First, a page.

Indian-American Mudita ‘Dita’ Bharagava of Greenwich, Connecticut, who announced her intention to run for governor of the state back in October, is facing some headwinds from her own Democratic colleagues, according to a news report.
Another Indian-American, state legislator Prasad Srinivasan, a Republican, is already registered to run for the Aug. 14 primaries.
Incumbent Gov. Dan Malloy, a Democrat, announced last April that he would not seek a third term. That has led to a slew of Democratic and Republican candidates rushing to fill the gap. At least 8 Democrats and 14 Republicans have filed their paperwork. The deadline for filing is June 12, and Bhargava has yet to file her’s.
The New Haven Register in its online edition indicated there was talk among rival Democrats that Bhargava should run for some other office. The report did not identify anyone by name, saying only that, “State treasurer is one that the former hedge fund portfolio manager’s name has been linked to by some rival Democrats.”
Bhargava responded that all her life she had been used to people pigeonholing her. I’m used to people telling me I don’t belong somewhere,” the nhregister.com report quoted Bhargava saying.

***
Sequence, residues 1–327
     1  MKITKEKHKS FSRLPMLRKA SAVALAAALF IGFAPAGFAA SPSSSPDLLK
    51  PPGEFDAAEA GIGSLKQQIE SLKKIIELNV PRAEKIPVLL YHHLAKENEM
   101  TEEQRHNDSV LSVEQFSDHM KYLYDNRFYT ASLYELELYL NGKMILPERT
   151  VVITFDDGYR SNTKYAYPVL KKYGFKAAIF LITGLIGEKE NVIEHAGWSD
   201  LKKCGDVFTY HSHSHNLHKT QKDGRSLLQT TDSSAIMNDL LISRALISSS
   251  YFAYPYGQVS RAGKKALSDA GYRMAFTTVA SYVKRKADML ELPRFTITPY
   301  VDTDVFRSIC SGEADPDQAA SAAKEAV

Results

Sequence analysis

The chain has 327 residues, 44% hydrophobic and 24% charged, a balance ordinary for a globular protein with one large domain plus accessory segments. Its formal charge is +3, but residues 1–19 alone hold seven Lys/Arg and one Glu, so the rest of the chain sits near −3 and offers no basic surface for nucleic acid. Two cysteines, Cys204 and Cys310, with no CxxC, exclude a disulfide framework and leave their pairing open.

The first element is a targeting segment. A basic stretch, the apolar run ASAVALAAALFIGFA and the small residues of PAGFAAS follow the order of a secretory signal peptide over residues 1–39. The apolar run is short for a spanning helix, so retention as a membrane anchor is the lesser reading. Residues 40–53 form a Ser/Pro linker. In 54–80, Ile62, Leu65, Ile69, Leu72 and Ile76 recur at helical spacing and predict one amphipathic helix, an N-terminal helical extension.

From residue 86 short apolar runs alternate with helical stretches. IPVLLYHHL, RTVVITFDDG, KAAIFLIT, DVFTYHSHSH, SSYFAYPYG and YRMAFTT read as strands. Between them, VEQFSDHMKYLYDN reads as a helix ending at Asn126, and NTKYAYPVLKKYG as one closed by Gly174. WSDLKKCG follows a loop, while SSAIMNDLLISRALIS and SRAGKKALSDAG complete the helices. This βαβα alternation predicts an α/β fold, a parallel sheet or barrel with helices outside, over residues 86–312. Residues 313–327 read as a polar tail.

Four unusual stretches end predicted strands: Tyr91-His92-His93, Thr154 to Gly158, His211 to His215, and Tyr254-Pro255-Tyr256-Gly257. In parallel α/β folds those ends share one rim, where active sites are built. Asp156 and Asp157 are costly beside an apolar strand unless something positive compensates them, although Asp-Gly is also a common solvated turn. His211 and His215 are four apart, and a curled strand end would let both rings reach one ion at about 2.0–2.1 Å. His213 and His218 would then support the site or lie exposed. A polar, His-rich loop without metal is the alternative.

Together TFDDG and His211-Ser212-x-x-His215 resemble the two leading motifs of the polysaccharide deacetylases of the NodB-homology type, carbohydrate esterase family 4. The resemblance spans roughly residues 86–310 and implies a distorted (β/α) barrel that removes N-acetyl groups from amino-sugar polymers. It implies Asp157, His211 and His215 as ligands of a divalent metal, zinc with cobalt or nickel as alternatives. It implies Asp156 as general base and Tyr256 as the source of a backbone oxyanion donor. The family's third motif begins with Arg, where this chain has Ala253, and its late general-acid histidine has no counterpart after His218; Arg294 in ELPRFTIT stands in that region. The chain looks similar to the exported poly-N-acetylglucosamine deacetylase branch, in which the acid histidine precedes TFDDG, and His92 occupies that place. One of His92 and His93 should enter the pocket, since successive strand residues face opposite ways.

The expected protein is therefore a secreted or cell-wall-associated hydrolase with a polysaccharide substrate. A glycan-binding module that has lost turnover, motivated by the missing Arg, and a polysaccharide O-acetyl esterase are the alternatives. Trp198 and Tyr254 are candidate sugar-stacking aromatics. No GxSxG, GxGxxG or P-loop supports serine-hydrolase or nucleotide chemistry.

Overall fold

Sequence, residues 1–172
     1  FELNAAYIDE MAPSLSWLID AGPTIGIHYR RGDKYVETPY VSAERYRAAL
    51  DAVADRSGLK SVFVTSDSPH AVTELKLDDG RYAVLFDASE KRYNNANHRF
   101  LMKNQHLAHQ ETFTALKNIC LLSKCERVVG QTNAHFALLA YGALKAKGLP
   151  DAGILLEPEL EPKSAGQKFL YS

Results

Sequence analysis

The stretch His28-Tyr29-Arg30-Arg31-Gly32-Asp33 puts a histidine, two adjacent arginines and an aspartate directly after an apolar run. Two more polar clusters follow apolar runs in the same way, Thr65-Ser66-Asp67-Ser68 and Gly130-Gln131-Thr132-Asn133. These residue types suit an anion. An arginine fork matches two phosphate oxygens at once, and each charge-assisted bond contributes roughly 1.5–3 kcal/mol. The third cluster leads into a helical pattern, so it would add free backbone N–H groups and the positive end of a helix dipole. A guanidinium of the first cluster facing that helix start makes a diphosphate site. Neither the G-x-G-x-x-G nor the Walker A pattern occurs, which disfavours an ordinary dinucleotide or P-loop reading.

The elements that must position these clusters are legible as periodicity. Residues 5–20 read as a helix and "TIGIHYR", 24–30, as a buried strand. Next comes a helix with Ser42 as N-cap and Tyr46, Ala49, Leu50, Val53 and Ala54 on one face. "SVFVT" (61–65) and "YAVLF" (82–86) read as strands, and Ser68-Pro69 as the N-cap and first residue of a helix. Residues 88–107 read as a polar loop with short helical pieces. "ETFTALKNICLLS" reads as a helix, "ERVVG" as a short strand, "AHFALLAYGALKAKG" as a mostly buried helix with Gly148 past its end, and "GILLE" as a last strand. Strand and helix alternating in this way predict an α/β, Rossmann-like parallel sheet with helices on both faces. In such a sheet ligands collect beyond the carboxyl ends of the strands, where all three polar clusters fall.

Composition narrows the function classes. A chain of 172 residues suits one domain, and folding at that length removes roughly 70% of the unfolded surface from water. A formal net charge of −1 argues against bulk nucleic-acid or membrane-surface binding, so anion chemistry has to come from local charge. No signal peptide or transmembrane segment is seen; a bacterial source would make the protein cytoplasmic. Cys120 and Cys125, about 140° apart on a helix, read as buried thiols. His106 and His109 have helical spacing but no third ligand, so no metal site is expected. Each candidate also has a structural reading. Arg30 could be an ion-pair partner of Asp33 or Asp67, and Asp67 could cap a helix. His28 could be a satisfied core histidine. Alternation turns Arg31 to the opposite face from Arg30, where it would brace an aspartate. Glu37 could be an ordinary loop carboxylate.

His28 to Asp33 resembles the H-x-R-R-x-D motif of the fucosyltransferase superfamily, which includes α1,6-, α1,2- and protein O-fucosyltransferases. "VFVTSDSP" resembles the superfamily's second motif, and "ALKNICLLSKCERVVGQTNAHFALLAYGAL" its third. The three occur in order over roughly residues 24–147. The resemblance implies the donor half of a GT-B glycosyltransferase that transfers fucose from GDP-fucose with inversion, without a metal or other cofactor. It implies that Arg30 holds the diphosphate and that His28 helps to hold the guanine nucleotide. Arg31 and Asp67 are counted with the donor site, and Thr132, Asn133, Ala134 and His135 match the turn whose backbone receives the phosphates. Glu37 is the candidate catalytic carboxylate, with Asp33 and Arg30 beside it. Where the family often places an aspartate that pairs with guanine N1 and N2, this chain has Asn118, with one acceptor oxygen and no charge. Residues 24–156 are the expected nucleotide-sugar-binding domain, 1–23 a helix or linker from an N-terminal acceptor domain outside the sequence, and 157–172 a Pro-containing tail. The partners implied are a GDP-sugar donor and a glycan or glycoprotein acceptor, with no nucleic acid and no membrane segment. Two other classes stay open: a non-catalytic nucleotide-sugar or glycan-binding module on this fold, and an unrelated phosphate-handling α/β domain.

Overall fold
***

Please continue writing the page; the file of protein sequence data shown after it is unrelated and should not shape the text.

Bhargava told the paper she had faced sexual harassment in the workplace during her life.
“Yeah, absolutely. It was the 1990s. At that time, you either took it and continued to work hard toward your goals or you left. Leaving was not a choice for me,” said the potential gubernatorial candidate who has worked at Royal Bank of Scotland in New York, been a Wall Street trader as well as a portfolio manager at Bear Stearns, Citadel Investment Group, Citigroup, Credit Suisse and Dillon Read Capital Management.
Bhargava told nhregister.com “she hasn’t ruled out anything, including switching her exploratory committee to a candidate committee for governor,” the news outlet said in a Feb. 12 report.
The Democratic gubernatorial hopeful said at the time of her initial announcement that she was a “different kind” of Democrat because she was not a politician and is pro-business. In later interviews she has fleshed out her ideas about public-private partnership for the economic development of the state.